September 28, 2008

Finally got it done!

It's a gloomy, rainy day in New Hampshire and I'm sort of between projects. So, I bit the bullet and spent the afternoon changing my blog over to Blogger's new Templates. With lots of trial and errors, I've got it organized and sort of looking like I want it to be. Learning what they call things and getting them to work right has left my brain tired, but I guess it's things like this that keep me young.

Fall colors are really starting to show around the countryside. Here are some Mums that I saw last weekend when we went to watch Yankee Siege (a Trebuchet) fling pumpkins.

confessions of a glass bead snob

Once upon a time, I would only consider glass or gemstone beads for my work. Sometime late last year my opinion changed. Maybe its the weight of pieces or maybe it's the selection of beads in fantastic yummy colors, but I find I've changed my mind and now will consider a wider range of materials in my stash of beads.

The first material that I found was vintage Lucite - it sure isn't your kid's plastic beads! The detail is amazing. Combine that with a translucent quality in some of the items, add great subtle coloring and you have a medium that I fell in love with. I've been buying old earrings and necklaces for some of my stock and the rest comes from Beadin' Path up in Maine. I could spend hours (& $$'s) in that store.

The first lightweight piece I did was a finger woven bracelet with Lucite flowers and leaves. I paired the flowers with 6mm faceted roundels in semi-precious stones (citrine, amethyst, tourmaline, quartz, blue topaz) and topped them with red Delicas. This bracelet weighs less than an ounce compared to five ounces in the last one I did with glass beads. I actually think it's more striking than the full glass bead bracelets. It's easy on the wrist and gets noticed when I wear it.

When I was at the Tucson shows this February I grabbed a bunch of brightly dyed wood beads - not having a clue as to what I was going to use them for. I just liked the shapes and colors and the very low price. Seems like a lot of beads just follow me home that way. Some of the the wooden beads have now found a home in my current finger woven bracelet project.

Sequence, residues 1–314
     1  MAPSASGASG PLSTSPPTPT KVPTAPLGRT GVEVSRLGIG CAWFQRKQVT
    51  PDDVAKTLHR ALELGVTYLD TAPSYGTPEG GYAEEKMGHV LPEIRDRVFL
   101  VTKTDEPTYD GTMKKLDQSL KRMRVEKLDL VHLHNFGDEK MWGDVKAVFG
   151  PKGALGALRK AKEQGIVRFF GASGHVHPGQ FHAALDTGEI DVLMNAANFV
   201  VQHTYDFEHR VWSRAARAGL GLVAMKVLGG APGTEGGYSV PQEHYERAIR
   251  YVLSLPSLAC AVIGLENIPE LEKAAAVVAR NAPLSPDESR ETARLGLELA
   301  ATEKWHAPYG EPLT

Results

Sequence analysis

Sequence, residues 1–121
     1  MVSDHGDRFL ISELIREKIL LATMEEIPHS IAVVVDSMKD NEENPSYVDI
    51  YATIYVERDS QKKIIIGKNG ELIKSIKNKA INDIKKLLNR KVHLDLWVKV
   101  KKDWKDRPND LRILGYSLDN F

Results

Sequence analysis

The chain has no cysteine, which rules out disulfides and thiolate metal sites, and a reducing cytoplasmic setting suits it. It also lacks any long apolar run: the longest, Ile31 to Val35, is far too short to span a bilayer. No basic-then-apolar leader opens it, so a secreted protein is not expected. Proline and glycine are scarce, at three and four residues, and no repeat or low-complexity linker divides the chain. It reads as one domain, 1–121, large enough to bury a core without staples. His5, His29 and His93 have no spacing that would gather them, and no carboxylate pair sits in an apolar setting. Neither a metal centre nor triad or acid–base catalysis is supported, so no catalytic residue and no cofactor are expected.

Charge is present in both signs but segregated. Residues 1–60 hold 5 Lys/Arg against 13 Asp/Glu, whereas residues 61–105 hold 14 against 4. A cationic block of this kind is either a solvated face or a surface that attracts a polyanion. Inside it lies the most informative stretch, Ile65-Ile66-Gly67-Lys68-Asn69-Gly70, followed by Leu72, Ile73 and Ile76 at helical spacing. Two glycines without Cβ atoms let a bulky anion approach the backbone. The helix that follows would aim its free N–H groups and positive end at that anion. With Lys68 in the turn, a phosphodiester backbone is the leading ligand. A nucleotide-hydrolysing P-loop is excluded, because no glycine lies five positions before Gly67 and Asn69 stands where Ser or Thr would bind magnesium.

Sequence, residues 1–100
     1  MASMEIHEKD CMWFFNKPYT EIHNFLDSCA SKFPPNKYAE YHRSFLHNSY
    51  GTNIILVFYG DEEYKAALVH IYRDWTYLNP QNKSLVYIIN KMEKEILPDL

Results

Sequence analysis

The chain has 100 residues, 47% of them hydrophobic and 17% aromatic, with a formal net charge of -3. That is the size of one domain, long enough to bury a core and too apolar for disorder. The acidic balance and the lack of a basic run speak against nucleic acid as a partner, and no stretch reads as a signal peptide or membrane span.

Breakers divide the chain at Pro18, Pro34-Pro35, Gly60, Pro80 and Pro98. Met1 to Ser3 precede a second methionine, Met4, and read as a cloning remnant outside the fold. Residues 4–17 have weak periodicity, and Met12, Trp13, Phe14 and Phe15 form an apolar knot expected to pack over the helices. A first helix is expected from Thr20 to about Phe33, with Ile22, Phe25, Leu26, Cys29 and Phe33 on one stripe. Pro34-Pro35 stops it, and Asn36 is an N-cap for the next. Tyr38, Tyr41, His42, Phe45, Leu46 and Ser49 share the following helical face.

This is sort of an, "I wonder what would happen if....?" bracelet. I had a packet of colored safety pins lying around - looked at the holes at one end and had to try them in a bracelet. I added some purple Lucite rings and liked the eclectic, wire look. Next, I added a bunch of the small purple propeller-like wood beads and ...WOW! I never imagined they'd sit up like that and nestle together so nicely. OK, I'll finish the safety pin bracelet, but I can't wait to try a whole piece with the propeller wood beads. See the aqua sticks at the top of my wood bead collection? That's another, "I wonder what would happen if....? idea for a funky bracelet.

I'm having fun exploring finger weaving with lightweight materials. It all seems to fit together and works well. I guess I've come to the realization that it's not the materials, but what you do with them that is important. Glass and gemstone beads are still 90% of my collection, but I've now made room for other materials.

September 6, 2008

Indiana Barns

We took a trip earlier this Summer from NH to a family reunion in Illinois. I fell in love with some of the seed signs along the side of the road. They have great graphics in bold, bright colors. I'd love to have a couple to hang on my studio walls.

While driving, I started noticing the doors on Indiana barns... Most of them had the door trim painted on them in an arch pattern. Indiana had red barns and Ohio had white barns. Wonder what local customs dictates the color of barns?

Some were realistic and others were just sort of a scalloped top edge.

A nicely done fresh coat of paint.

Even the little doors had painted arch trim.

This gem of an octagonal barn was just sitting in a field all by itself. What beautiful details.

September 5, 2008

House Hunting

I've been house hunting for larger summer quarters. Haven't found what I want, but I've run across a few places that I could have lived in. We're looking for a rural loft for 2 small businesses with smallish living quarters attached.

Anaconda MT has a 1920's building that was a drugstore and then a theater in the 40's. Loads of original interior things are still there. The price was right, but too far away from NH.

I like to travel, but there just wasn't enough space in this caboose converted to an efficiency apartment. The price included a rail move once a year.

This old firehouse just north of me in NH had great possibilities. It had the right open span space on the lower floor and a great apartment above. The drawback was that the building sat on a lot that was just 3' larger than the building... no septic system or well. I could deal with a chemical toilet, but finding a shower elsewhere was a real problem.

We drove by this old school building in Erie PA and had to stop and take another look. Sigh, again it wasn't in the right state. Wouldn't it make a great studio and home?

There are a lot of loft-type places out there, but the big problem is that they all seem to be in cities. I'm needing something in the country, or at least where I can look out at green growing things rather than buildings. Meanwhile, I thought some of you might enjoy some of the more intresting places that I've run across.